After the team event, won by Germany ahead of Poland and Estonia, many participants decided to stay in Argentina or move elsewhere in Latin America, rather than face a dangerous future. returning to a Europe at war. Players affected included celebrities such as Miguel Najdorf, Gideon Ståhlberg, Erich Eliskases, Ludwig Engels, Albert Becker, Jiri Pelikan and Moshe Czerniak. Most of them were Jews and had come to Buenos Aires in August 1939 on the Belgian steamer Piriapolis. It was interesting to see the effect of this transmigration of powerful mind matadors. When world chess restarted in the 1950s, no fewer than three Argentine Grandmasters qualified for the World Championship Candidate Tournaments, namely Najdorf, Pilnik and Panno.
Significantly, and unlike the England team, all five members of the German team (Eliskases, Michel, Engels, Becker, Reinhardt) chose not to return to Nazi Germany. It was a wise decision, since the Nazis assiduously hunted down and liquidated the Jewish masters (Landau, Appel, Przepiorka…) who returned or remained in Europe, while Stalin counted many others, not limited to those of Jewish origin. Many such tragic cases are chronicled in two new books by Elk and Ruby, who specialize in documenting the failures of Russia and the USSR’s unsavory past.
The first is The Lubyanka Gambit by Sergei Grodzensky, which covers Stalin’s liquidation of no less than fourteen chess luminaries, including, ironically, Commissar Nikolai Krylenko, the political godfather of the Soviet chess Empire. Surprisingly, several games of this monstrous blade from the Stalinist regime have survived and appear in the book.
The companion volume is Heroes of the pre-war Olympiad: Grand Master Vladimir Petrovs, by Dmitry Kryakvin and Galina Petrova-Matisa, Petrovs’ wife, who survived the Stalinist purges. It was Petrovs who led the Latvian team to the Olympiad in Buenos Aires, where he won the bronze medal on board, unbeaten, scoring only slightly fewer victories than the former and reigning world champions, Capablanca and Alekhine.
A few curious facts have emerged from this book regarding these two chess titans. In fact, Alekhine had the best overall score and should have won the gold medal. However, the organizers, more sympathetic towards fellow Latin American Capablanca, decided to disregard the results of the preliminaries, and on the results of the final group alone, Capa took a lead of 77.3% against 78.125%. for Alekhine – if the preliminaries were also counted. To make matters worse, Capa avoided his scheduled matches against Keres and Alekhine himself, sending a reserve at bat instead, and thus avoided his most dangerous opponents. No wonder Alekhine was furious at the award ceremony.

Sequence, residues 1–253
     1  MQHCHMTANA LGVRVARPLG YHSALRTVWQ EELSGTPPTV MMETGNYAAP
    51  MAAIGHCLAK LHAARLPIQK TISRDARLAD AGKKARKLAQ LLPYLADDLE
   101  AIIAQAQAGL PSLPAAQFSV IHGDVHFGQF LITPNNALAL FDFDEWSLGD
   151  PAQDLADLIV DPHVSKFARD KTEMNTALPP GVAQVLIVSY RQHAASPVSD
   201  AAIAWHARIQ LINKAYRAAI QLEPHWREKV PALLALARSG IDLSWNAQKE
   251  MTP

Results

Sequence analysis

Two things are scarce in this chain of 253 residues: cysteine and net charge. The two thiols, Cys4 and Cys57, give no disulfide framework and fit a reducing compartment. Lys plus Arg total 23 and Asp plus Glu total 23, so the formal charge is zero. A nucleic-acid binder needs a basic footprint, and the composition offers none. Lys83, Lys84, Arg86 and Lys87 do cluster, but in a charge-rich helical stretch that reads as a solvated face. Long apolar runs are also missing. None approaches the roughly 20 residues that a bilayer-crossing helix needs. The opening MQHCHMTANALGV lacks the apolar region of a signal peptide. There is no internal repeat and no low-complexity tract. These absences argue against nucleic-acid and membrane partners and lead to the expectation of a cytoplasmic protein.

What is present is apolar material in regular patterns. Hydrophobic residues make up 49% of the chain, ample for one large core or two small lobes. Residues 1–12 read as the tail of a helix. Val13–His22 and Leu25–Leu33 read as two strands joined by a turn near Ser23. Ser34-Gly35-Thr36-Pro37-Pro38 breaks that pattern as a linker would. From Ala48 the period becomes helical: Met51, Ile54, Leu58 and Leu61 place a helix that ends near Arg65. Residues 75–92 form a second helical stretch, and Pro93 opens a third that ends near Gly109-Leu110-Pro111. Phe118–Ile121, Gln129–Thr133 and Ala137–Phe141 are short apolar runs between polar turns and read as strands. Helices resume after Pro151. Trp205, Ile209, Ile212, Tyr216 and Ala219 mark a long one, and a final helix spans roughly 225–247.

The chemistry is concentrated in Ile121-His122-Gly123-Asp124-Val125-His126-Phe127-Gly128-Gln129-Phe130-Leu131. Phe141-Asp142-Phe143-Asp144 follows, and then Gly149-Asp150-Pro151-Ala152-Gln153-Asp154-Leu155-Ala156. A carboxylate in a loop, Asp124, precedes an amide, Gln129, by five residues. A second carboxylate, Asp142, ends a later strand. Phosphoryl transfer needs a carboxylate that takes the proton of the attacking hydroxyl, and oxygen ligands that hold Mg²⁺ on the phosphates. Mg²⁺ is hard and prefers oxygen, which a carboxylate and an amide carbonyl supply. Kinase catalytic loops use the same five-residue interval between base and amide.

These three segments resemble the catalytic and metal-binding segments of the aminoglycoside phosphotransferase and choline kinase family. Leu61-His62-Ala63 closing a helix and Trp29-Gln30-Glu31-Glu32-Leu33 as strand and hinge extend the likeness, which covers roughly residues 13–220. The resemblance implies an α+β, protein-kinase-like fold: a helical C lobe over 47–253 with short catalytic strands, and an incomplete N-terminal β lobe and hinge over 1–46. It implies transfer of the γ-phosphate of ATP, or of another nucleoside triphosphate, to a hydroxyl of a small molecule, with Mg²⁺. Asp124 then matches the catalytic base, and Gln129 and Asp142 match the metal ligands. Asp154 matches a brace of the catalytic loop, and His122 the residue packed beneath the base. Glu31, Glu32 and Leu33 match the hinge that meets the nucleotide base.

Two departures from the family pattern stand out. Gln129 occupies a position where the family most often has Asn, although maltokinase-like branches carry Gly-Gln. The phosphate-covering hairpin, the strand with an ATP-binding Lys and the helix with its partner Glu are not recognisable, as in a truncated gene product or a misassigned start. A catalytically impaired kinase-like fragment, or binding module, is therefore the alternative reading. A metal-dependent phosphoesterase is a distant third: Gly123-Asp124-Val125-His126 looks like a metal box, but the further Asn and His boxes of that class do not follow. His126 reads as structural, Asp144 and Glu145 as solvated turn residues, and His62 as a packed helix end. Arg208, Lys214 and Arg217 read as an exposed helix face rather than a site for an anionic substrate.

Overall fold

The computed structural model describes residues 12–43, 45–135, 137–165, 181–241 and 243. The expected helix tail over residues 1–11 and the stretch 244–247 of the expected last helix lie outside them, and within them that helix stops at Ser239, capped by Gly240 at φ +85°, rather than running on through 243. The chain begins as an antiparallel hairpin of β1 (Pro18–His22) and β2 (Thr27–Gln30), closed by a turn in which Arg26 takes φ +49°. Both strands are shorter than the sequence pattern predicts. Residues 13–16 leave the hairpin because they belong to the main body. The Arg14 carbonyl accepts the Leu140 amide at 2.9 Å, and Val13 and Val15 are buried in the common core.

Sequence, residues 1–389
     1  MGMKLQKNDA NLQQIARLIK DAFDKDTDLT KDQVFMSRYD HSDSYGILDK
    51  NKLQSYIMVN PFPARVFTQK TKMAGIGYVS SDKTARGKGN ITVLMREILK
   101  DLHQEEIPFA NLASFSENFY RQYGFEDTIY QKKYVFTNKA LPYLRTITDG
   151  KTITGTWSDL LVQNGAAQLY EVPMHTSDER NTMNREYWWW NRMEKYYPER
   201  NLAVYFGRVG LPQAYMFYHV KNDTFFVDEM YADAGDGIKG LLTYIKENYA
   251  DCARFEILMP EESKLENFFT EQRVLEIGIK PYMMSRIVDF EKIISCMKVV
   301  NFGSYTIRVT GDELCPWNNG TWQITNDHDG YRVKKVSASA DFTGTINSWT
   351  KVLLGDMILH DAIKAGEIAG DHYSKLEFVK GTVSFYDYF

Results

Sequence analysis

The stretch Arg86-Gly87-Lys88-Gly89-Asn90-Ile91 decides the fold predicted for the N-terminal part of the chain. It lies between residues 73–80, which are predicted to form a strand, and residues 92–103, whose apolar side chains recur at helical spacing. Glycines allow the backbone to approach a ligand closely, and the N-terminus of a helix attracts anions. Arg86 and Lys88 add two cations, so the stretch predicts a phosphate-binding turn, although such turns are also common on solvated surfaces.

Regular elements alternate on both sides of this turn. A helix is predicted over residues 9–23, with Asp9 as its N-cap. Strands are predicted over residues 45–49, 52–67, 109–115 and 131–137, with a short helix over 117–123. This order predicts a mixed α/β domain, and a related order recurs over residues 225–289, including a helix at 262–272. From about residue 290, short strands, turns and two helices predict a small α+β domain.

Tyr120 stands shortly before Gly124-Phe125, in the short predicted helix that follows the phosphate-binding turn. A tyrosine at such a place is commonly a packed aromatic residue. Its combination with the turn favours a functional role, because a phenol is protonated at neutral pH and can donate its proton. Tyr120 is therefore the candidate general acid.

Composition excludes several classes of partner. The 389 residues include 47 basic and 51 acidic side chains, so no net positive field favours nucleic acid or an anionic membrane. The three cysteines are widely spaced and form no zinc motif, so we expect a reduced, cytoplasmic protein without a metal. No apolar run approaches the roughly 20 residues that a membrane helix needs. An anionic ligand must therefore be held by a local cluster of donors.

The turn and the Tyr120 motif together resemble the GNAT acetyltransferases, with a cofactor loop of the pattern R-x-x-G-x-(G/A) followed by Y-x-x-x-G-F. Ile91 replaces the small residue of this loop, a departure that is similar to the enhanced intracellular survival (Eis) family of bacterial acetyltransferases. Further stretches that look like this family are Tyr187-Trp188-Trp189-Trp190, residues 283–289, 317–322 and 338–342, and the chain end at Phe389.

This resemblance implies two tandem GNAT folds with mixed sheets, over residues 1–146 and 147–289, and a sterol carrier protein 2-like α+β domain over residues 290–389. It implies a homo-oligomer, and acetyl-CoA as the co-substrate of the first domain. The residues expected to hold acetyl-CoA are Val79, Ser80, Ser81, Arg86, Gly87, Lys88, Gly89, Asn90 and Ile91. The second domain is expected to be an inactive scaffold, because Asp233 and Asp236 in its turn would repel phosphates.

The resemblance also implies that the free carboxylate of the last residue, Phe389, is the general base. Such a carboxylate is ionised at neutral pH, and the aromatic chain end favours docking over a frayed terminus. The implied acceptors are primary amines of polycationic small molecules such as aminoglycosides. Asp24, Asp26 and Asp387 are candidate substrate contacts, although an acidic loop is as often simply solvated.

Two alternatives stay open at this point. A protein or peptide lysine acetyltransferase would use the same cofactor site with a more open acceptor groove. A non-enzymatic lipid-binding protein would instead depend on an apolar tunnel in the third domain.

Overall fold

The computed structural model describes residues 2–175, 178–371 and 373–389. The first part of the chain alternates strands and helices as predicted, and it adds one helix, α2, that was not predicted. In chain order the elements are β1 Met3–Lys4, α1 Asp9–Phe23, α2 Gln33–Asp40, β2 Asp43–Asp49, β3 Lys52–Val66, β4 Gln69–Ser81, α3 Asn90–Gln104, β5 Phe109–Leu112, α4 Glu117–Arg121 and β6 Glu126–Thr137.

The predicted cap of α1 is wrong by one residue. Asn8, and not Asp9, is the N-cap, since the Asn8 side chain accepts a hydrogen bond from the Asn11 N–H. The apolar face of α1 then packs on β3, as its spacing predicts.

This book tells the story of one of the most enigmatic and tragic figures in the history of chess – the Latvian grandmaster Vladimirs Petrovs (1908-1943). His name was erased from chess literature for decades. His games and his biography are largely unknown to the public – even though Petrovs beat Alekhine, Fine, Reshevsky, Boleslavsky and many other great players of the past, won prizes at supertournaments, including a joint first at the famous Kemeri tournament 1937, and played strongly for Latvia. at the Chess Olympiad. According to the Chessmetrics website, Petrovs was ranked No. 14 in the world in November 1938 and his performance at Kemeri 1937 was 2709. He had an even lifetime score (2.5-2.5) against Alekhine.
In the first part of this book, grandmaster and chess historian Dmitry Kyrakvin instructively analyzes Petrovs’ career through 52 games and fragments. In addition to the above players, opponents include Smyslov, Euwe, Bogoljubov, Keres, Stahlerg, Flohr, Spielmann and many other pre-war world chess stars. In part two, Petrovs’ widow Galina Petrova-Matisa recounts the tragic fate in the Soviet Gulag of her husband and other family members and her search for the truth about what happened to Petrovs. It further provides biographical details of their short and happy family life for four and a half years, including unforgettable encounters with the world’s best chess players and their families. The book contains a large number of rare family and tournament photos and overall is an incredible tribute to a grandmaster whose reputation would have been consigned to oblivion if Stalin and his cohorts of terrorists had been right.
This week’s matches: a victory for Petrovs after his undefeated bronze medal at the Buenos Aires Olympiad, plus three wins for England in the same event by the heroes of Station X at Bletchley.
Raymond Keene’s latest book “Fifty Shades of Ray: Chess in the year of the Coronavirus”, featuring some of his best pieces from TheArticle, is now available at by Blackwell.